There are a number of reports showing that Acanthamoeba is capable of being a host cell for different environmental or pathogenic mycobacteria [8], [9], [10], [11], [12]. Jadin [13], and later Grange et al. [14], showed the successful uptake of M. leprae by Acanthamoeba castellani, but they could not ascertain bacterial viability, a necessary requisite for considering environmental reservoirs for survival and transmission. Lahiri et al. [15] demonstrated for the first time that intra-protozoal M. leprae were not digested or degraded by A. castellani, but they maintained viability for at least 4 days. Moreover, M. leprae recovered from the amoebae showed no deficits in growth characteristics when inoculated into the foot pads of athymic nude mice. M. leprae were phagocytosed by A. castellani in a dose-dependent manner, and individual intracellular bacilli appeared to be packaged into a single large vacuole.

An interesting extension of this study probed the potential role of dormant encysted amoebae in protecting M. leprae during adverse conditions such as desiccation and changes in temperature and pH. Wheat et al. [16] induced cyst formation in M. leprae infected A. castellani and A. polyphaga and, after 35 days of encystation, recovered bacilli that showed normal growth in the foot pads of athymic mice. They also showed that M. leprae resides in an acid-rich compartment within the trophozoite cytoplasm, similar to how they reside in macrophages, and that viable M. leprae could be recovered for at least eight months in the cysts of A. castellani, A. polyphaga, A. lenticulata, and 2 different strains of Hartmannella vermiformis.

The demonstration that M. leprae can survive in free-living amoebae, within both the trophozoite and the encysted form, warrants further studies. Those studies can determine if the amoebae can serve as vectors that sustain leprosy transmission by enabling the survival of the bacilli in the environment and by facilitating the invasion of human tissue. Whether amoebae can be exploited to accomplish the cultivation of M. leprae remains to be seen.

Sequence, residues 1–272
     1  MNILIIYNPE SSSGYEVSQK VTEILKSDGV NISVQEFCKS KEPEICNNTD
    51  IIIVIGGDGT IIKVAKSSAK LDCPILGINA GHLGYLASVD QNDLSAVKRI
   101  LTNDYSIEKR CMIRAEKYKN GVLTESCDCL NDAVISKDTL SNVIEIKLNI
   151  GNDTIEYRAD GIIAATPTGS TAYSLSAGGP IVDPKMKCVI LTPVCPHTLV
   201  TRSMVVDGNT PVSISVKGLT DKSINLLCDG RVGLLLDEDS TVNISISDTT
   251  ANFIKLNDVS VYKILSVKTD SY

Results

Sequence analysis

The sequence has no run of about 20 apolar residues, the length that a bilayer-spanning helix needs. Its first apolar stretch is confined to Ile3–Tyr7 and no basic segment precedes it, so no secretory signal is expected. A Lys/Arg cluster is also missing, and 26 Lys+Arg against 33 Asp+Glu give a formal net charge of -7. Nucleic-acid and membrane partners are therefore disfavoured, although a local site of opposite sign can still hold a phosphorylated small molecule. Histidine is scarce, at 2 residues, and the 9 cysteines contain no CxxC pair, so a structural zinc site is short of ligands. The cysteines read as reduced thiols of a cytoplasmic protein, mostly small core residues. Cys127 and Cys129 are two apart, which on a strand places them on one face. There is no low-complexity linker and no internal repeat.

Cultivation in Animal Models

Over the years, M. leprae has been inoculated into numerous animals across phylogenetic classes (reviewed in [17]) with little success in the survival and cultivation of the bacilli. Early attempts may have been thwarted by a low viability of the human biopsy derived inoculum, a lack of understanding of the requirement for cooler temperatures for M. leprae survival and multiplication, or ignorance of the long generation time of M. leprae. Today, the primary animal models for cultivation of M. leprae for research purposes are armadillos and mice.

The nine-banded armadillo (Dasypus novemcinctus) is an important animal model in leprosy research, both for the cultivation of M. leprae and as a model for leprosy neuropathy (see Chapter 10.2). Armadillos have a core body temperature of 32º–35ºC; thus, the inoculation of highly viable M. leprae will develop into a fully disseminated infection in susceptible animals. Up to 1012 M. leprae can be harvested from the tissues of a single animal for experimental use.

Cultivation of M. leprae in mouse foot pads (MFP) was first described by Charles Shepard in 1960 [18], who found that viable M. leprae inoculated into the foot pads of immunocompetent mice will multiply locally with a doubling time of about 12–14 days. If mice are infected with around 5000 organisms, the lowest inoculum size that can be reliably expanded in MFP [19], growth peaks at approximately 106 bacilli within 5–6 months and then enters a plateau phase. It is thought that this plateau occurs because of the killing of the organisms by the murine immune response, and during this time no discernable M. leprae growth is observed. Although the number of bacilli will remain more or less constant for several months because the mammalian host has trouble digesting and eliminating dead mycobacterial cells, it has been reported that the viability of M. leprae declines with a half-life of 25 days during the plateau [20]. In contrast, in immunodeficient strains such as thymectomized and irradiated mice, congenitally athymic nude mice, and SCID mice, prolific M. leprae multiplication continues, reaching up to 1010 bacilli in each foot pad [21], [22], [23].

Viability Assays

The measurement of M. leprae viability is useful in a variety of studies designed to evaluate drugs; detect drug resistant strains; assess vaccine candidates; and understand host-pathogen interactions, virulence factors, and neurotropism. Leprosy researchers, being well aware of the axenic cultivation handicap, have persistently explored alternate ways to accurately and reproducibly measure the viability of this organism (Table 1).